THE AWAKENING is a superbly crafted film, and for films of this ilk, execution is everything. The ilk is a horror story, the premise is an investigator (Rebecca Hall) determined to debunk fake mediums and ersatz hauntings. Its 1921 and London, like so many other places that have survived both World War I and the flu epidemic that followed, is keen on making contact with the dead and more than usually gullible when it comes to trusting in mediums. Florence Cathcart (Hall) has written a best-seller on the subject, and, more takes it upon herself to personally debunk the leading frauds of the day.
Cathcart, educated at Cambridge and determinedly independent, has her own ghosts to deal with, though they are of the psychological variety. Hers has been a life of tragedy and there is the strong sense in how she reacts to a successful debunking that, just maybe, she is looking for proof of the afterlife she claims does not exist. The inner struggle takes its toll, and so when the history master (Dominic West) of a remote boarding school shows up on her doorstep asking for help, she is curt, but not entirely disinterested. A student has been frightened to death by the schools resident ghost, or so the rumor has it, and to save the school, they very much need to prove that something else was the cause.
From here, nothing is exactly what it seems, even though the usual idioms of a tale such that this are not to be trusted, either. Cathcart brings along all the tools of her trade, and a surprisingly sophisticated collection it is for the early days of the 20th century. Also sophisticated is the intelligent way that the script, co-written by director Nick Murphy, makes as many points about the psychological hauntings of the people who call the school home, the loneliness, the grief, the cruel, relentless memories, and the simmering tensions and compassions that create a moody atmosphere that resides side-by-side with the more traditionally occult forces. It is fiendishly clever in keeping the audience only slightly less off-kilter than Cathcart herself, bringing home the failings of human perception in that it so often sees not what is actually happening, but what it needs to see happening. Logical explanations frame things that shouldnt be there, and events that cant take place, but do, at least, and maybe only, in Cathcarts mind.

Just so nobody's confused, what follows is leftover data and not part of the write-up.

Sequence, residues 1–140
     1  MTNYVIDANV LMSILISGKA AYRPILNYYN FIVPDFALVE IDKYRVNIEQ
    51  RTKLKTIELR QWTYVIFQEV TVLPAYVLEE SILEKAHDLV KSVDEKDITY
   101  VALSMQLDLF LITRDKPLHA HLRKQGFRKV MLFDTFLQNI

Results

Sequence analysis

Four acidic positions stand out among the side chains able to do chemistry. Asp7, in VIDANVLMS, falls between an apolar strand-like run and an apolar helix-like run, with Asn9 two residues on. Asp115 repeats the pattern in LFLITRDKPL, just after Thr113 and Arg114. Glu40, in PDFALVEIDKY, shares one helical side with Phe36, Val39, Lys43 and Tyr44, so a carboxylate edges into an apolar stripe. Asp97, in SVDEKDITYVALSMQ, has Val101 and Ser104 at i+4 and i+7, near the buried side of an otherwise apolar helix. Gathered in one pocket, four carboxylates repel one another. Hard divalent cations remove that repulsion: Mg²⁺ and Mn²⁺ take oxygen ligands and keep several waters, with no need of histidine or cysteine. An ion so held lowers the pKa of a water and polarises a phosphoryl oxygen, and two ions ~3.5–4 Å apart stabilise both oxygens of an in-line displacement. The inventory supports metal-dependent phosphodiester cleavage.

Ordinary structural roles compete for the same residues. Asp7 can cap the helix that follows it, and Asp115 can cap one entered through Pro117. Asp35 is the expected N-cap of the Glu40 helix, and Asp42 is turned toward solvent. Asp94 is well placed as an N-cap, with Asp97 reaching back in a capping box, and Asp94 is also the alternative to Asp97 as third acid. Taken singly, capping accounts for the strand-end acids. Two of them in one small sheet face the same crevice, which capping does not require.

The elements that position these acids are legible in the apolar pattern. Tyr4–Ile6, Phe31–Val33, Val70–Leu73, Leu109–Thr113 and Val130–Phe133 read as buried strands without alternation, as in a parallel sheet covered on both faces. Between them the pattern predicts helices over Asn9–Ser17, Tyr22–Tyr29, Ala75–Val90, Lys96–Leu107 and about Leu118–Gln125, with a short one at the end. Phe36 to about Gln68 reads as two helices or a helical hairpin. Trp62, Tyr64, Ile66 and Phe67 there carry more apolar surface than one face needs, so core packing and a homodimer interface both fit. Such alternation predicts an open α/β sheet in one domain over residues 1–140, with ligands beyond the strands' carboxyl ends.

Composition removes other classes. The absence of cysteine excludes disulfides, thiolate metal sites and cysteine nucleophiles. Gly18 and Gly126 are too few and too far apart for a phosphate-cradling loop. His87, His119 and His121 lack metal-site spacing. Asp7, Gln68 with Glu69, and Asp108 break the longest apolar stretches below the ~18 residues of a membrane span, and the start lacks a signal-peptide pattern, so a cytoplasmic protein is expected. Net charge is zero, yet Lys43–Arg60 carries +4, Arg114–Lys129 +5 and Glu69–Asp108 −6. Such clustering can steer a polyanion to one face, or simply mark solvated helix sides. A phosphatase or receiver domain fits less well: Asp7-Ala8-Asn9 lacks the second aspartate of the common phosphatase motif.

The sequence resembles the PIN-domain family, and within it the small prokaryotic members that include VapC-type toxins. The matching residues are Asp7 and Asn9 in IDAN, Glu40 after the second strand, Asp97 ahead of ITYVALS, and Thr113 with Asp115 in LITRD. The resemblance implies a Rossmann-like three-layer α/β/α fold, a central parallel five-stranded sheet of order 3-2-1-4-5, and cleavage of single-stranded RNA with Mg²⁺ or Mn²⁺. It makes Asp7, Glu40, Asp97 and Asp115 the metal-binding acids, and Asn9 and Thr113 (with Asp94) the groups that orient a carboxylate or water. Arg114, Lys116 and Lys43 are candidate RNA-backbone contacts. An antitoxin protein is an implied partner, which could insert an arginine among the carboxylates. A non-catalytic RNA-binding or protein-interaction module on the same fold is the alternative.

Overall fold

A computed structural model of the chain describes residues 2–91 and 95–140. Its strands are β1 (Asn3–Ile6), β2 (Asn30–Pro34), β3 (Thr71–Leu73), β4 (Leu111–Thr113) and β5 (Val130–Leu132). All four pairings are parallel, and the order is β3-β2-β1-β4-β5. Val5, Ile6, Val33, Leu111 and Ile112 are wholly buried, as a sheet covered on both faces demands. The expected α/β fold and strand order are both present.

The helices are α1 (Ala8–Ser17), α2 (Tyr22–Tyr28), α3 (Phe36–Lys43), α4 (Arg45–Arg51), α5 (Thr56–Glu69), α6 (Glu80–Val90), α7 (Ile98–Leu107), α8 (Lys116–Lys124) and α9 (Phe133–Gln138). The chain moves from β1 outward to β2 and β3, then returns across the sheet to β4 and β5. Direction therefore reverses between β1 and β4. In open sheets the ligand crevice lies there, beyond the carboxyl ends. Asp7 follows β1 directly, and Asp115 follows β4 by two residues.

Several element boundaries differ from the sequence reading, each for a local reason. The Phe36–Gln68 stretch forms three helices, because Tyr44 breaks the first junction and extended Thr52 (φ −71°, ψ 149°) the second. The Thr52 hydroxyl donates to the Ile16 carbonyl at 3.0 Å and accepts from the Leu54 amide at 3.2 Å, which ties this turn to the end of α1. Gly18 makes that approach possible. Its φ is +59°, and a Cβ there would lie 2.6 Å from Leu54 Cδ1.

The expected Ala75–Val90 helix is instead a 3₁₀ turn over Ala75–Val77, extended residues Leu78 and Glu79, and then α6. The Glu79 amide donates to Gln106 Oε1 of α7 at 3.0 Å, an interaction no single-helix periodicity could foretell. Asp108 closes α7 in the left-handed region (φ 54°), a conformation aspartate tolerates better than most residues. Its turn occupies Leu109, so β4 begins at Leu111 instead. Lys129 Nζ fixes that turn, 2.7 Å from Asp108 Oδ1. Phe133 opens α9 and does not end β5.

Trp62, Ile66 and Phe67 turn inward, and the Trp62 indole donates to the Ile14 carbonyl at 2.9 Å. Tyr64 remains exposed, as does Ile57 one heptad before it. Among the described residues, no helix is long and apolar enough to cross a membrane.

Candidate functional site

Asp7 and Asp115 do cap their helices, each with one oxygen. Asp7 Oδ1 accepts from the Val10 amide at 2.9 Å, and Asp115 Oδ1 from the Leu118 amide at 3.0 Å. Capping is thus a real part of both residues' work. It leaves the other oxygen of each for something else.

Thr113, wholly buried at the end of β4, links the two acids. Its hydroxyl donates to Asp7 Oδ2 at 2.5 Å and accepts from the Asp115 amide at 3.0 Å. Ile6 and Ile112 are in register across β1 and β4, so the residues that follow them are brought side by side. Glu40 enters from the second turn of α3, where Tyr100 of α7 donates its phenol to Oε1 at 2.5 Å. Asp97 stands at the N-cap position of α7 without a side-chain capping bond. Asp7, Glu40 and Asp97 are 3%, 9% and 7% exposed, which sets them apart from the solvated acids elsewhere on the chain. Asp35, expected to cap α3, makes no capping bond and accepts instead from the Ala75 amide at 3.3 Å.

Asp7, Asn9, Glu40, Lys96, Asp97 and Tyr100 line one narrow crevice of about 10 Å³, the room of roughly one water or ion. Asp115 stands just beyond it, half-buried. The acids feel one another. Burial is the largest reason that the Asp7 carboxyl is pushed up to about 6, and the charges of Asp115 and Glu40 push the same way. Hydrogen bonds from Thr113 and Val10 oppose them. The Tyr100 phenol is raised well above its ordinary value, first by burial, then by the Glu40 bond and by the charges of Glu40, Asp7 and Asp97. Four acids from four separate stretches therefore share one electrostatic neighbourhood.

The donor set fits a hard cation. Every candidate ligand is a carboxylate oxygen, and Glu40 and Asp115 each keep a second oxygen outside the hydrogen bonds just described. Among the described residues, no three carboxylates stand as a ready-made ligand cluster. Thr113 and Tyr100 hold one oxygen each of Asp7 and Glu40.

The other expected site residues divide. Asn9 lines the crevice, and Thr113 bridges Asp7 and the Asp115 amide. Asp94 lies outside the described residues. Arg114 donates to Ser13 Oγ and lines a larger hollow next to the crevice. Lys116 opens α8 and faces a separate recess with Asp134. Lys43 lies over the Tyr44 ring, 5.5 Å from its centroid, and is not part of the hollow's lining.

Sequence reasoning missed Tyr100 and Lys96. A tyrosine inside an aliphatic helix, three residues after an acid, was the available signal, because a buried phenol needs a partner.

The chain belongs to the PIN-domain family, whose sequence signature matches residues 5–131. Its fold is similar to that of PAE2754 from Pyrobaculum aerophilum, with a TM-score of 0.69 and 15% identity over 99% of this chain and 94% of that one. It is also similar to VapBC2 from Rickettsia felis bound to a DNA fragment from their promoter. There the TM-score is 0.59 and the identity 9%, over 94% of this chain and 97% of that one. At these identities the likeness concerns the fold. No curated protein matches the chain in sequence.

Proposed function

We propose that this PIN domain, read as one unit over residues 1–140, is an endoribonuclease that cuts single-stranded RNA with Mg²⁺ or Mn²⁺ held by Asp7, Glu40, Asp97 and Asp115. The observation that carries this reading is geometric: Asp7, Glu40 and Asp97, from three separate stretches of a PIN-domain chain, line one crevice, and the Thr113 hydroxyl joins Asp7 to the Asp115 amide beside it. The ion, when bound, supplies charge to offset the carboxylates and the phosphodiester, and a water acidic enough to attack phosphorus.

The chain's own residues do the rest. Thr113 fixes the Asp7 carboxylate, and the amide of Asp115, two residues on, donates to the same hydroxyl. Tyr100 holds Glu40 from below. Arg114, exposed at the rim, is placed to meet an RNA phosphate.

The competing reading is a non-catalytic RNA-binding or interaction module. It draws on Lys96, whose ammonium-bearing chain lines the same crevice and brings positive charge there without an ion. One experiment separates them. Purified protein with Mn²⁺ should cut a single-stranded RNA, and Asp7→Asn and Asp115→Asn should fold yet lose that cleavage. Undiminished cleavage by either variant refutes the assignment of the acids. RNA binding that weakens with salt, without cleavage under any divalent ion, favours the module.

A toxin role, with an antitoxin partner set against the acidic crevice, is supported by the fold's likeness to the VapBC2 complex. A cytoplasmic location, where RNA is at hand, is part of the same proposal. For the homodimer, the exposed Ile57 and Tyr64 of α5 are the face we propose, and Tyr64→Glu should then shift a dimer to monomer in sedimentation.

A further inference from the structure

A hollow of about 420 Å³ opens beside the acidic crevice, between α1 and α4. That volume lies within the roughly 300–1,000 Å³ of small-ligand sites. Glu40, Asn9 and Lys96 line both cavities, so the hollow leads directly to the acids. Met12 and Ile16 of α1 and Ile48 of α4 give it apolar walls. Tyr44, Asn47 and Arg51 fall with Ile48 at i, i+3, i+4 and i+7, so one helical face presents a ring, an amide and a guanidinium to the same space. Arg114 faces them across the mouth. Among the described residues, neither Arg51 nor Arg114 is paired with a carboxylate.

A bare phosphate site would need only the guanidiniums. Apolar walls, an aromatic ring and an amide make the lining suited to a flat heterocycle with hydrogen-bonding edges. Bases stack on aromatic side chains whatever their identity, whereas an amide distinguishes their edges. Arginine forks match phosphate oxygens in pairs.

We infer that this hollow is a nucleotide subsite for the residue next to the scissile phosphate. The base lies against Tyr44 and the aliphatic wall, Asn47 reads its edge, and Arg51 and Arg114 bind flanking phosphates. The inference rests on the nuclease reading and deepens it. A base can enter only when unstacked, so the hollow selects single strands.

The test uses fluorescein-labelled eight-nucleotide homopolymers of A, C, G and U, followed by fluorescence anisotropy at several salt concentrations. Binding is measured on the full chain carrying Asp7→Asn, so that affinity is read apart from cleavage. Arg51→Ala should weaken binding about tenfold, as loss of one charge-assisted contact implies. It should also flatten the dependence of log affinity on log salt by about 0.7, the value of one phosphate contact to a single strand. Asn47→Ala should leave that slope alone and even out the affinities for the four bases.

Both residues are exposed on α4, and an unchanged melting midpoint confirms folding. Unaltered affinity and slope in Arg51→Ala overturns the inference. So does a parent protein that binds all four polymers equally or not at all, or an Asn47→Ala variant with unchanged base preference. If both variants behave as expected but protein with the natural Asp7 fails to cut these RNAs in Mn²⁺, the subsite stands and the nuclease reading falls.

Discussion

The camera slowly pans through empty spaces that are hushed carefully composed, but shot at dynamic angles, music rumbles faintly, and the overweening sense of expectation and dread is set in motion, but it is Halls performance as our surrogate in this cinematic universe, that is key and it is perfection. A cool exterior masking an interior that is slowly becoming untethered by circumstances beyond her ability to process. It is an understated, finely honed performance that reveals much by using little and is all the more complex for it. West, Imelda Staunton as the guarded school matron, and Isaac Hempstead Wright as Tom, the lonely boy left alone during school break, each have their own impressive moments as people tormented by secrets too painful to see the light of day.
Memory and perception become things as mysterious as ectoplasm during the course of THE AWAKENING. Though slightly undone by a twist that demands a grain or two too much credulity on the part of the viewer, it nonetheless triumphs as a tone poem of an unsettled zeitgeist that plays cat-and-mouse with that same viewer right until the very end. Its what keeps THE AWAKENING in the realm of minor, rather that full-fledged, classic.